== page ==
Text: Marjatta Sihvonen
The Natural Resources Institute Finland and the meat and food company HKScan are conducting joint research into what food industry by-products could be used to replace salt. Peptides that are suitable as candidates have already been tasted.
For Mika Tuomola, Vice President of Research and Development at HKScan, it is self-evident that the food industry needs research partners.
“The dialogue between research and business has improved considerably in recent years. Results are produced when we can exchange ideas about what can best be ascertained through research and about what kind of information we need in the industry,” Tuomola says.
Research keeps meat on the plate?
This autumn, pulled oats and other plant protein products have received considerable attention. Tuomola does not regard the new products as a threat to the meat industry. On the contrary – the diversifying range of products looks interesting to the head of research at one of the largest food companies in northern Europe. In Tuomola’s view, the meat sector and its products must, however, continually develop in order to ensure that meat remains a central part of a healthy mixed diet.
Substituting the sodium contained in salt, which is harmful to health, with other substances is one of the themes which is being studied intensively around the world. Luke’s initial results regarding salty-tasting peptides obtained from chickens have been received with interest.
“Saltiness is an integral part of flavour in food. Many foods are in any case difficult to obtain in an unsalted form. Salt is sprinkled on the surface of bread too, as it tastes so delicious to us,” Tuomola points out.
Substituting salt, which is recognised as a risk factor for hypertension, with peptides may therefore be important for public health too.
Towards the top of the pyramid
The so-called side flows, which arise from the production of HKScan’s broiler products are utilised in the research.
“We currently already make use of all side flows, but we are developing chains continuously. We regard side flows as a pyramid in which use, for example, in power production is bottommost, and production of material suitable for the pharmaceutical industry topmost. The aim is to move as high up in the pyramid as possible,” Tuomola says.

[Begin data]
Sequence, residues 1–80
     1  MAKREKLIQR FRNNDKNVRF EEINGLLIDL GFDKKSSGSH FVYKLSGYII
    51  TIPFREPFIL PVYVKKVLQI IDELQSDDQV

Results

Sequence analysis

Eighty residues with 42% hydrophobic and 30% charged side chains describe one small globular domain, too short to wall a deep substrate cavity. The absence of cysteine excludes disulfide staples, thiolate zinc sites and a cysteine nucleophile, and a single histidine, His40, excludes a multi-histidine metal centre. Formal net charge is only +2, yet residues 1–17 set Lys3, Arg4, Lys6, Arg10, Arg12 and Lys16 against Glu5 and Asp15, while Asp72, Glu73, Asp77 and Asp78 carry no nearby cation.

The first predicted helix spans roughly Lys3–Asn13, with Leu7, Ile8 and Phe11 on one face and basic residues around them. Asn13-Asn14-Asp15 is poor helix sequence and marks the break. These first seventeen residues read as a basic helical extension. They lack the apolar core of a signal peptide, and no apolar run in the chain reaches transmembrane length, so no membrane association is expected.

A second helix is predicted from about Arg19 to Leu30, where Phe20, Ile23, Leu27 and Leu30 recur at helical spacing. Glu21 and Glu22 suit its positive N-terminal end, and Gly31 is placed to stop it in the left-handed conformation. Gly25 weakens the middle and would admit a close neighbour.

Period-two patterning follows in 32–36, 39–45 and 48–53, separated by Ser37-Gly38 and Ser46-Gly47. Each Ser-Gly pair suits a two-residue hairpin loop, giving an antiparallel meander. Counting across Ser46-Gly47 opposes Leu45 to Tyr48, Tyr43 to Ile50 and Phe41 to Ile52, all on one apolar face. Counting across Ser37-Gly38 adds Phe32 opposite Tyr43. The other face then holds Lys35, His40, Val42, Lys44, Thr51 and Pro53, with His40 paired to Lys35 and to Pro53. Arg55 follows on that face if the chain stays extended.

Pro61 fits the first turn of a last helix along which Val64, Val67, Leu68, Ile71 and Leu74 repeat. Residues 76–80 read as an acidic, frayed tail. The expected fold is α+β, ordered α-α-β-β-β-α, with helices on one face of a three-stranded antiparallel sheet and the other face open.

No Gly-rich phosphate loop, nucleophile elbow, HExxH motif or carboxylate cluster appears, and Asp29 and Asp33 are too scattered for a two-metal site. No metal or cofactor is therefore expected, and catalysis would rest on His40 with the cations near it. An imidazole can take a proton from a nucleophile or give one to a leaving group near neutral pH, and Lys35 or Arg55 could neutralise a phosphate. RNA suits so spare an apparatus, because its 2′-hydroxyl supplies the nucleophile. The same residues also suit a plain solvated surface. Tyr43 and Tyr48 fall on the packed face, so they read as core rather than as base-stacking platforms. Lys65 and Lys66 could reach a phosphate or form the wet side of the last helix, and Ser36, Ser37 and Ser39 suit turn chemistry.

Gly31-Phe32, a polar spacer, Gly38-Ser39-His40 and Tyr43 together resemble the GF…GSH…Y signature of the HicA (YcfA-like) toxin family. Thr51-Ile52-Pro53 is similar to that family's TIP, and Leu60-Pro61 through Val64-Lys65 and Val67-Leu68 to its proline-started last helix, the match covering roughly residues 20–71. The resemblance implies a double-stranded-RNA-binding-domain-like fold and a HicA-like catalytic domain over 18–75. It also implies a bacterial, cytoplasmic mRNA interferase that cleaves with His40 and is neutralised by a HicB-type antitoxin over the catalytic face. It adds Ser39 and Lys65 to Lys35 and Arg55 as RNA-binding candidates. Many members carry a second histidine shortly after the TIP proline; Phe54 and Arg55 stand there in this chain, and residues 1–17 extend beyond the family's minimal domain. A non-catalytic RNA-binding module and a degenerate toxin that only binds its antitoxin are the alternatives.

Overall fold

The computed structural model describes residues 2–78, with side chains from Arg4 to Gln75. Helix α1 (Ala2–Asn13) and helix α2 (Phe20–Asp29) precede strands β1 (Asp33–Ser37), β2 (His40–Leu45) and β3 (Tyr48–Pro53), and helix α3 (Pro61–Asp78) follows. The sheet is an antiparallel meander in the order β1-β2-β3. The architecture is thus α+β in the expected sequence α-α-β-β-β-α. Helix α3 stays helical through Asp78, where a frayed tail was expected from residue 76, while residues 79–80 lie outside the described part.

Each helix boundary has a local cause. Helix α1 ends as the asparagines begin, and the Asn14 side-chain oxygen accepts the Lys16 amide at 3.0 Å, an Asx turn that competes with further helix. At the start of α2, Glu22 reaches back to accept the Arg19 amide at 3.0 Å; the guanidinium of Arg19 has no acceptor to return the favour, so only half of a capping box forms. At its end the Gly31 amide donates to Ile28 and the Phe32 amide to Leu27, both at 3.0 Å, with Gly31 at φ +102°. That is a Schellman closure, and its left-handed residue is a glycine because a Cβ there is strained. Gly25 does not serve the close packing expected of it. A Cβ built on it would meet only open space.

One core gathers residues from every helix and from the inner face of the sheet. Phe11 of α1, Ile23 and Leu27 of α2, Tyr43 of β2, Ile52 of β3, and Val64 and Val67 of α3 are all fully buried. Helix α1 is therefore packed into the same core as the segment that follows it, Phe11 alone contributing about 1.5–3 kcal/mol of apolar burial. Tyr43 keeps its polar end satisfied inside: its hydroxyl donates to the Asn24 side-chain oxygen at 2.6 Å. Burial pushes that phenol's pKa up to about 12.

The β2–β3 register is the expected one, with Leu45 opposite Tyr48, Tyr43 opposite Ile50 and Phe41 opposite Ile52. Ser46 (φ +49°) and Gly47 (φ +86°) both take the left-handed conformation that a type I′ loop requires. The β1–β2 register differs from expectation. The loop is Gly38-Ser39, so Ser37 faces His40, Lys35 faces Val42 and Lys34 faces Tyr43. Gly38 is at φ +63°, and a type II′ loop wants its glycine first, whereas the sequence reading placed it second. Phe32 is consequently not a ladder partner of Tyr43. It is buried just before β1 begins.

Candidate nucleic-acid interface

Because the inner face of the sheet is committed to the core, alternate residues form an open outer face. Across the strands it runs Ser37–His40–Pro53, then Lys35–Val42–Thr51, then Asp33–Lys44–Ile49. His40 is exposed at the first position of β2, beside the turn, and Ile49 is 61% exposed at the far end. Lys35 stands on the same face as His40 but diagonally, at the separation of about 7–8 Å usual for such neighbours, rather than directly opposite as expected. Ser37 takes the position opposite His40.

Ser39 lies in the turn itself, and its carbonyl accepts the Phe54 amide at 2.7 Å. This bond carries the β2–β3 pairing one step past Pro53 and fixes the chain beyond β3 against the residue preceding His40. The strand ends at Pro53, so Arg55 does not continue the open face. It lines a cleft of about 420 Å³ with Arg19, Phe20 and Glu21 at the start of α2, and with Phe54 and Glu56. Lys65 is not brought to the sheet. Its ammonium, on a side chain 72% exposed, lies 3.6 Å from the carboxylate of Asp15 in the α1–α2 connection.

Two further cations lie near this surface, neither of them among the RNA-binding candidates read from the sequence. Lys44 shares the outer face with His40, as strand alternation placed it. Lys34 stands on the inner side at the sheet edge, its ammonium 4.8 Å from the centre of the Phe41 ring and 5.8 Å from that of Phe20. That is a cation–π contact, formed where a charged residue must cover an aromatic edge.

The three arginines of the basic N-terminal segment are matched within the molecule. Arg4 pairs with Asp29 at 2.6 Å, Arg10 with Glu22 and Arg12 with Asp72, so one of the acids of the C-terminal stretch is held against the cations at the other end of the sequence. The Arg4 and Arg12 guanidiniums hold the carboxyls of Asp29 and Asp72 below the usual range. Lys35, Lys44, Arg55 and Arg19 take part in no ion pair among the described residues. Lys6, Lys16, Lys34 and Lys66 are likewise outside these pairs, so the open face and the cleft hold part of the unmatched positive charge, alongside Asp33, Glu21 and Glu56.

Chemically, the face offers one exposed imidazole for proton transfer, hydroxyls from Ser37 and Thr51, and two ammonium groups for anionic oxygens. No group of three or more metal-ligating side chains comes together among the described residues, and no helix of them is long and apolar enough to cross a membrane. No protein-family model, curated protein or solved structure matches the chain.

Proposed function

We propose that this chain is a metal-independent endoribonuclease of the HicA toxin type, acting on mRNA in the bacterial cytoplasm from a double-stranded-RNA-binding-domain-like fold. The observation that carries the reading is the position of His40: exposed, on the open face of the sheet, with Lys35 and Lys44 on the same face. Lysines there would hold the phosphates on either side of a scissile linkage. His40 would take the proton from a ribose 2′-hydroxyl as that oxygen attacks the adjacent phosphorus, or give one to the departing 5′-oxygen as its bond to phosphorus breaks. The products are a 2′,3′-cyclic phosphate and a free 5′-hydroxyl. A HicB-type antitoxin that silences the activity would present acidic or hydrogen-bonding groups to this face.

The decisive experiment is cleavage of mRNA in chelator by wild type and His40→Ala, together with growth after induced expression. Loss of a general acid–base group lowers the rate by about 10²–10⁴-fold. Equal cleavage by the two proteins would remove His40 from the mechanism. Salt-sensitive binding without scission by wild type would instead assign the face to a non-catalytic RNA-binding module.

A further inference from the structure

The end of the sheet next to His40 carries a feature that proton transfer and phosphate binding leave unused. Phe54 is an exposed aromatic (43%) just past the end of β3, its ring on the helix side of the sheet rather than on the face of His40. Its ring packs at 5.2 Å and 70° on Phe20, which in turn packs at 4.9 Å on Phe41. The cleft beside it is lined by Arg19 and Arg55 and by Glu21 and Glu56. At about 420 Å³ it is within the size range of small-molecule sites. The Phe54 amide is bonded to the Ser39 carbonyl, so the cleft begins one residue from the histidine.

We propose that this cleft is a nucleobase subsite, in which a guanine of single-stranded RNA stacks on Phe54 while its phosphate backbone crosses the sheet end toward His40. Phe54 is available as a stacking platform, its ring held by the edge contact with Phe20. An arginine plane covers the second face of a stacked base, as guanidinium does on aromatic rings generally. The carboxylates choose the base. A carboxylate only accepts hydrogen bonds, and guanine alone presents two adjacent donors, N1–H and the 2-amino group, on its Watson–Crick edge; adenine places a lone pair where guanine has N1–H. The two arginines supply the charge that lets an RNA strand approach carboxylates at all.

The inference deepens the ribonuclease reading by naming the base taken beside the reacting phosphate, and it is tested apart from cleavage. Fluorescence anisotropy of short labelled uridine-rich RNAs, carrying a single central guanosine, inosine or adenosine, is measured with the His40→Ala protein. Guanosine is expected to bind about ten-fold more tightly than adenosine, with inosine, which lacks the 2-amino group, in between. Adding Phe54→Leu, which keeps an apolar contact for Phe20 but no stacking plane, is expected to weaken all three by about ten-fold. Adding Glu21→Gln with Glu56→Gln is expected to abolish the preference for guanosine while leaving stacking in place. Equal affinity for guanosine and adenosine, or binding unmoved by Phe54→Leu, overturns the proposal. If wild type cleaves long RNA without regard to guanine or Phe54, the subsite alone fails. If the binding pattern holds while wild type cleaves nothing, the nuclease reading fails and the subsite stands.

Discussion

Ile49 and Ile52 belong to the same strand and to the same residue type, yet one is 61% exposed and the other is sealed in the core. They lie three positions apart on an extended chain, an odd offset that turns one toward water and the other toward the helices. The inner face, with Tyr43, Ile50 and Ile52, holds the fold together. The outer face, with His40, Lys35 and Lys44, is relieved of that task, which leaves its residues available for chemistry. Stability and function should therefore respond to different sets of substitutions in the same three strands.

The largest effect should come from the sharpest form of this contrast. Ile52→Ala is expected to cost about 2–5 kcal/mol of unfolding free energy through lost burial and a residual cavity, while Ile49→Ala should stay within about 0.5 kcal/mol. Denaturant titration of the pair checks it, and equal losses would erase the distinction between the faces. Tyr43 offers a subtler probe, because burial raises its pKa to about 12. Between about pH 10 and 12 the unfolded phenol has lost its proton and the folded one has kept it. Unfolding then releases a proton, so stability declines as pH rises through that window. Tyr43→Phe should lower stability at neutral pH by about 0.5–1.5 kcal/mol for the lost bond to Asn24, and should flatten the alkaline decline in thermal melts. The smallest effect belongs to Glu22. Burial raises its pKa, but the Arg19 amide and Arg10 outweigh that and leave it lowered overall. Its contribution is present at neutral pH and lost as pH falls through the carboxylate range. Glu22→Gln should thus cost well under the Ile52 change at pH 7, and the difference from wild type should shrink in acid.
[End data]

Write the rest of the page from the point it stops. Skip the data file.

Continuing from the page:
The aim is not to stop using salt completely as, in addition to flavour, salt is also important for the structure and preservation of food. A good research result that is applicable in production consists of data enabling the sodium content of meat products to be lowered whilst at the same time obtaining more benefit from side flows.
HKScan utilises results
Luke is responsible for planning and implementing the research. HKScan, on the other hand, is interested in results that have industrial applications.
HKScan has a number of research partners. Projects with various universities and VTT are underway. Tuomola points out that another important part of research is the development of pilot and industrial-scale methods – a link from laboratory to production.
“For consumers, one of the most visible products resulting from research is Rypsiporsas rapeseed pork, which is a registered brand. The majority of research, however, is not visible to the consumer. Results have been applied to a considerable extent in developing animal feeding and feeds, in enhancing the efficiency of the industry’s processes and in reducing the carbon footprint. These aspects should be highlighted more and reported to consumers,” Tuomola considers.
Competition and continuity
HKScan operates throughout the Baltic area, and so research collaboration is international. Competition is also tough, and it was no accident that Luke was selected to conduct the peptide research.
“A research institute must develop its own profile in order to be a credible and interesting partner. The ‘everything for everyone’ approach does not work,” Tuomola says. He hopes that in the future, too, food research will remain at the top of Luke’s portfolio of expertise.
“Food is a key element of the bioeconomy – food scientists invented the term bioeconomy already long before politicians,” Tuomola points out.
Tuomola also emphasises continuity of cooperation. Public funding is needed to secure research facilities in order to ensure that not all activities become short-term project work. It should be easy for data resources and experts to be utilised also after the project has ended.
HKScan is happy to collaborate with new kinds of research experts too.
“Research institutes provide little research on, for example, consumer behaviour. More would be welcome,” says the head of research.